Ezek. 29:13 Yet thus saith the Lord GOD; At the end of forty years will I gather the Egyptians from the people whither they were scattered:

Ezek. 29:14 And I will bring again the captivity of Egypt, and will cause them to return into the land of Pathros, into the land of their habitation; and they shall be there a base kingdom.

Ezek. 29:15 It shall be the basest of the kingdoms; neither shall it exalt itself any more above the nations: for I will diminish them, that they shall no more rule over the nations.

Even in this message of judgment, God declares a message of hope to the Egyptians.  After 40 years He will cause the people of Egypt to return to their land, but its boundaries would be significantly smaller; they would occupy Pathros, a portion of its former empire also known as Upper Egypt, which was in the southern portion of the country between modern Cairo and Aswan according to the NIV Commentary.  From that time on they would be one of the basest of kingdoms; in other words, they would never rise to the position of a world power again.  They would never again rule over any of the nations.


Though I could not find specific documentation of the 40 years of dispersal, I agree with the assessment of the writers of the NIV Commentary.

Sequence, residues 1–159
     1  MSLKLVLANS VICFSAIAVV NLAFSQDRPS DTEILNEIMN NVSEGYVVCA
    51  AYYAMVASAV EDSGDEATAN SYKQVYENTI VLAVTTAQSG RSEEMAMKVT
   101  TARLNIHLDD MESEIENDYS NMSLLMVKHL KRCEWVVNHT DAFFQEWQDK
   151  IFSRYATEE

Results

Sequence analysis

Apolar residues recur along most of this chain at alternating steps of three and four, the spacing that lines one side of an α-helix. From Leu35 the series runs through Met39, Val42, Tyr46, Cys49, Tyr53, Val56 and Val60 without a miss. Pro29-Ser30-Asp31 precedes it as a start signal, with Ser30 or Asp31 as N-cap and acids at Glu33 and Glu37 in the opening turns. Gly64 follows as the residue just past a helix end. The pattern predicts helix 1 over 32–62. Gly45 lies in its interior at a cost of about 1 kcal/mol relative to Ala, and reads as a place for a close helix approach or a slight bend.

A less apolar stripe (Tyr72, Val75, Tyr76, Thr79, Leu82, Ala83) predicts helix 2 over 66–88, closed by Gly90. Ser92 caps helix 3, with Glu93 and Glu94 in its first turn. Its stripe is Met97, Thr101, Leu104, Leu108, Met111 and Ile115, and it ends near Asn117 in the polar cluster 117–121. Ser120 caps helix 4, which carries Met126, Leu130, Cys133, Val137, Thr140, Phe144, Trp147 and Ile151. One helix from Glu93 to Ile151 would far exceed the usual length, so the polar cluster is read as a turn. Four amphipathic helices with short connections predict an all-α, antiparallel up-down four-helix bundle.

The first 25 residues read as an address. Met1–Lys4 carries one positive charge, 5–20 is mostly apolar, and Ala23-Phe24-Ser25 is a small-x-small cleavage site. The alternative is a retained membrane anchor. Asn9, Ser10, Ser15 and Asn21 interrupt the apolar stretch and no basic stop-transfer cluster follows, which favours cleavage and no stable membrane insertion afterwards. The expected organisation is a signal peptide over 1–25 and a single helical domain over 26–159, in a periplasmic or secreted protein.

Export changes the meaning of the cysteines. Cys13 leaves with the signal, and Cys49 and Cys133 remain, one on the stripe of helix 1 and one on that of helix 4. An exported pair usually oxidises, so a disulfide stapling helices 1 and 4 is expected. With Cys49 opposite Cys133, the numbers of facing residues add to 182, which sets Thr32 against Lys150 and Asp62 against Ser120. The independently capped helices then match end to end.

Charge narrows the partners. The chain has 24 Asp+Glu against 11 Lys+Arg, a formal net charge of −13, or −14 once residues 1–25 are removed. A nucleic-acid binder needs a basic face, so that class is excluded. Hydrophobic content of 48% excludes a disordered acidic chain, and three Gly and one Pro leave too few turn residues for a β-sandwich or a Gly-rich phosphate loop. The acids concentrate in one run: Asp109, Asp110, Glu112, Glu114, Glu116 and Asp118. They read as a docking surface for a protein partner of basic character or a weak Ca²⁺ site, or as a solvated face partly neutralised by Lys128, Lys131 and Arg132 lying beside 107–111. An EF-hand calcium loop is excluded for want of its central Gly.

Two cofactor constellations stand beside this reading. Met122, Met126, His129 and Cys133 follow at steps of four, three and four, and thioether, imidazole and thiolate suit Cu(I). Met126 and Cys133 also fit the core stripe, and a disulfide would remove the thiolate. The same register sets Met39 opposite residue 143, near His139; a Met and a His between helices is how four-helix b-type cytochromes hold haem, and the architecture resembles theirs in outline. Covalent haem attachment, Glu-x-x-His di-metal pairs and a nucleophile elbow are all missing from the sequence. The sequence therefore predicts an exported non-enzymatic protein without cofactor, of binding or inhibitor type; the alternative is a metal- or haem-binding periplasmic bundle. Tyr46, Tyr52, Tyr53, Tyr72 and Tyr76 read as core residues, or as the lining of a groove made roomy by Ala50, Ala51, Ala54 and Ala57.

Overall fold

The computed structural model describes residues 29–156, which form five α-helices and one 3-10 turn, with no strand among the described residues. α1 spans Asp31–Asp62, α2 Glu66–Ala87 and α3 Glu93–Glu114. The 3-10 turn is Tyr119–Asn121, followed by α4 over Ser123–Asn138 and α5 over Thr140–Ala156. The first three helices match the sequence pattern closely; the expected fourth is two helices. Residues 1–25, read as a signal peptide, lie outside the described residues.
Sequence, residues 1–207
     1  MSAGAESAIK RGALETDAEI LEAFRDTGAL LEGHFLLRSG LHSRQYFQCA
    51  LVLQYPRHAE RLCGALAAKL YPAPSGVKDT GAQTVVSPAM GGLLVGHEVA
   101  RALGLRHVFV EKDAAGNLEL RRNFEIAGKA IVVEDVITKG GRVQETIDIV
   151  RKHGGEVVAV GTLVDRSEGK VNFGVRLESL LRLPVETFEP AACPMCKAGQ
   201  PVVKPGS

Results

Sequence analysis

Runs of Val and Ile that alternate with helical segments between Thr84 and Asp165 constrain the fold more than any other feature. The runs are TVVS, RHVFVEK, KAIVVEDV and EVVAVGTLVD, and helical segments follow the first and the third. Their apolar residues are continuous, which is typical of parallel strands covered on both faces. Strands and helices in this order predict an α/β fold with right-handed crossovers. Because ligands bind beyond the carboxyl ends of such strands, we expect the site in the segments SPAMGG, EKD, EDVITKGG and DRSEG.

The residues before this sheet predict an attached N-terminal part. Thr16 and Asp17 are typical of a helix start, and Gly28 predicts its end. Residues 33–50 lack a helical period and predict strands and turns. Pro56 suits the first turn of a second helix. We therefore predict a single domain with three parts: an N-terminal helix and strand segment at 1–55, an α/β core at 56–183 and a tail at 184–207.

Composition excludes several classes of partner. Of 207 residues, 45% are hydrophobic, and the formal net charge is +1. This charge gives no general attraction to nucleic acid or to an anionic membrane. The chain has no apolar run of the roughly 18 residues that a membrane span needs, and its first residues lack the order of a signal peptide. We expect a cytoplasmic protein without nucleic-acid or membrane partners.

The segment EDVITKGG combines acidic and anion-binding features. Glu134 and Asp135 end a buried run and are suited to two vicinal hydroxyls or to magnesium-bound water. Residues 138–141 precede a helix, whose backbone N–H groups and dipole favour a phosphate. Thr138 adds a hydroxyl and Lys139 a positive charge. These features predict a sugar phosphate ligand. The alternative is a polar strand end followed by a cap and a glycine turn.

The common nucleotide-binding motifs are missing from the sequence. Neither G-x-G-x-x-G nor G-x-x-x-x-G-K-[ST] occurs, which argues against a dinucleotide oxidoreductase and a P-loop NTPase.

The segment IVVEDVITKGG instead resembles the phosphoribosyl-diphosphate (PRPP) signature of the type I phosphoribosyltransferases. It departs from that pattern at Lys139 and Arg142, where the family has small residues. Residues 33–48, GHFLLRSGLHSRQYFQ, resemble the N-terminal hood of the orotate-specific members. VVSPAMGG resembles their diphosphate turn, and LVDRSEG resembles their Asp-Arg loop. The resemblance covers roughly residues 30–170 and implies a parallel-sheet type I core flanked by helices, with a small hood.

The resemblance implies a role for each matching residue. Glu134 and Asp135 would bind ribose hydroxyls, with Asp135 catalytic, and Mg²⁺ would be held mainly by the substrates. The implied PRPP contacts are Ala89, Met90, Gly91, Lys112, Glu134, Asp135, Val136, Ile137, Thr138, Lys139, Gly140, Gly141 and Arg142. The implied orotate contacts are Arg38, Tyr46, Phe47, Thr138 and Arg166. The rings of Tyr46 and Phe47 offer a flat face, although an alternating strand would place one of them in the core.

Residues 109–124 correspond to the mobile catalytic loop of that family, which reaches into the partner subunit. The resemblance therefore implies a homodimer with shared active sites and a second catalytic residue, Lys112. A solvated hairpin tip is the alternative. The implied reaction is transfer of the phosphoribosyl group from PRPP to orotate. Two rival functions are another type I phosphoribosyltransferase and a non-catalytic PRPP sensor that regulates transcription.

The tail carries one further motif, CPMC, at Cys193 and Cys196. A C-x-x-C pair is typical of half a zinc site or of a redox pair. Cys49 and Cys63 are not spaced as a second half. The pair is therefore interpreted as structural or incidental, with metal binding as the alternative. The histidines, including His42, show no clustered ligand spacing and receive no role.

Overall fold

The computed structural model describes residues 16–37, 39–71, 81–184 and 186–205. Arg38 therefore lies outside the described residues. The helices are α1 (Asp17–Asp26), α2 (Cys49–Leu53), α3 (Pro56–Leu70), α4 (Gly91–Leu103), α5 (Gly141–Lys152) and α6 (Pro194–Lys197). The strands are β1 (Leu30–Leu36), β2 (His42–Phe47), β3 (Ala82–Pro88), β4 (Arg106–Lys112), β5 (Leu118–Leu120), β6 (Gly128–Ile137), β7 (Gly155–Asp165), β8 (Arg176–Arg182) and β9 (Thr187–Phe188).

If Egypt fell to the Babylonians about 568 B.C., as implied in the chronicles of the Babylonian kings, then a forty-year “captivity” of Egypt would end under the Persians. Since the Persians returned many of the peoples displaced by the Babylonians, this very well may be the case. Just because there is no direct statement in ancient history concerning this dispersion does not mean that it did not occur. God’s word is more valid than our conjectures or ignorance.” 


Ezek. 29:16 And it shall be no more the confidence of the house of Israel, which bringeth their iniquity to remembrance, when they shall look after them: but they shall know that I am the Lord GOD.